Advanced C4 Solutions, Inc. has agreed to pay $4.535 million to the United States to settle allegations that it submitted inflated invoices to the government for work performed at Joint Base Andrews.
Advanced C4 Solutions, Inc. is a Florida-based company that was operating as an 8(a) small business certified by the Small Business Administration (SBA). On June 10, 2010, Advanced C4 was awarded a contract to supply project management and labor services for an Air Force technology project. The contract was awarded by the U.S. Navy’s Space and Warfare Systems Command (SPAWAR), which was administering the contract in support of the United States Air Force.
Among other things, the contract required the Advanced C4 to design, construct, and implement certain local area network and wide area network systems that would be utilized by Air Force personnel and other components of the U.S. Armed Forces on Joint Base Andrews in Maryland. The contract required the company to accurately provide invoices to the United States for work performed under the contract, including work by subcontractors. Labor costs were required to be billed according to the job classifications set forth in the contract and the number of labor hours worked by personnel at each job classification. The contract also provided that the Advanced C4 could only utilize pre-approved subcontractors. Pursuant to this provision, the company entered into subcontractor agreements with several entities, one of which was Superior Communication Solutions, Inc. (SCSI).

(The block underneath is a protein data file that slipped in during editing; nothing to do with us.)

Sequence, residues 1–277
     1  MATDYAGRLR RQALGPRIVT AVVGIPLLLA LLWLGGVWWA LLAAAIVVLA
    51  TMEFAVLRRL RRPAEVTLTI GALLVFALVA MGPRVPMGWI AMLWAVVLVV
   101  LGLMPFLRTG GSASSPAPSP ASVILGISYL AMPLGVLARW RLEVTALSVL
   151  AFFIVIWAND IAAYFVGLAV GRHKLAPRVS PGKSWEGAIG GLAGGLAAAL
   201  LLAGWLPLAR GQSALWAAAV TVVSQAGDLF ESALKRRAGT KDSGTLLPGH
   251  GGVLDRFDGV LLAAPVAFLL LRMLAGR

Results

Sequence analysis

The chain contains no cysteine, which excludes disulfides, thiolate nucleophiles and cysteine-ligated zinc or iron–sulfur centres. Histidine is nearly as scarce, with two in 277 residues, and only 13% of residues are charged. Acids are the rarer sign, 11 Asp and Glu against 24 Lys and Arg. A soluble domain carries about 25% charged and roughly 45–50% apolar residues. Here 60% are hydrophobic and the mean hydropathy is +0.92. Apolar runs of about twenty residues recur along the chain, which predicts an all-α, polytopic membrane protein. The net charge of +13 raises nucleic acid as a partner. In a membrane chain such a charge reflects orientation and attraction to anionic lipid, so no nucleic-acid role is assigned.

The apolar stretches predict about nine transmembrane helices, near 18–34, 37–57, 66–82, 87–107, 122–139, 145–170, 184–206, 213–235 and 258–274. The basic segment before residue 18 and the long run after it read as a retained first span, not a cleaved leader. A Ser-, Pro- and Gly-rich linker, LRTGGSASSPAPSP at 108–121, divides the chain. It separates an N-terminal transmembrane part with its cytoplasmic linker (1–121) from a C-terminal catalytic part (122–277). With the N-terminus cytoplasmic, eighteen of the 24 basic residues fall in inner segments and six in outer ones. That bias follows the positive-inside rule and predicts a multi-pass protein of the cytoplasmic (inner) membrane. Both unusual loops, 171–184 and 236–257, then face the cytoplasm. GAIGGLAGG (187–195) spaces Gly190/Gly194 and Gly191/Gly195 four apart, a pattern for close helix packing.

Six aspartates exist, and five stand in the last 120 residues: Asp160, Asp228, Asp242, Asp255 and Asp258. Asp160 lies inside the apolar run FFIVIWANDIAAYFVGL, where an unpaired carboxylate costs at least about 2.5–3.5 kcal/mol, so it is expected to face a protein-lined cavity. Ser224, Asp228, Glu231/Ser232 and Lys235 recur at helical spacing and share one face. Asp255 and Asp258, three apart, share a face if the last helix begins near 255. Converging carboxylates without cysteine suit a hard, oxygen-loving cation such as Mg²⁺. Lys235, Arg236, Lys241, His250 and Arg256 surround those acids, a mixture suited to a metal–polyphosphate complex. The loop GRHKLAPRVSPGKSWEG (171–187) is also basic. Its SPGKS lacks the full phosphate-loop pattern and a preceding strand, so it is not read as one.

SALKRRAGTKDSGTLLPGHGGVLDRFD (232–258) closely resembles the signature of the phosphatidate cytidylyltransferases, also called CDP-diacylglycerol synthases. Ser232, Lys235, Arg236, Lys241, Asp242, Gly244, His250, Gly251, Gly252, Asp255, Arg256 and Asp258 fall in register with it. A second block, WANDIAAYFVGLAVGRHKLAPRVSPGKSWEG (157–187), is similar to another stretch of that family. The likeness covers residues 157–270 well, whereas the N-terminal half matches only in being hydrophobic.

Advanced C4 Solutions and its subcontractors began work under the SPAWAR contract in June 2010. Andrew Bennett was the Advanced C4’s project manager who was tasked with overseeing the work performed by the company and its subcontractors under the contract. In this capacity, Bennett was responsible for verifying the accuracy of all invoices submitted by subcontractors to the company and, in turn, all the invoices submitted by the company to SPAWAR.
The settlement agreed to on Dec. 28, 2016 resolves allegations that Bennett, while an employee of Advanced C4, knew that SCSI created false invoices that charged for labor hours that were not actually worked, and charged the United States at job classification rates for personnel that did not have the requisite credentials to be billed at those rates, and yet submitted those SCSI invoices to the government for payment anyway. SPAWAR subsequently paid these invoices not knowing they were false.
In related cases, Bennett, of Tampa Florida, James T. Shank, of Perry, Georgia, and a third individual were indicted on federal criminal charges related to their actions in this matter. Bennett and Shank pled guilty to conspiracy to commit wire fraud for their conduct related to the SPAWAR contract. The third defendant is scheduled for trial beginning on January 30, 2017.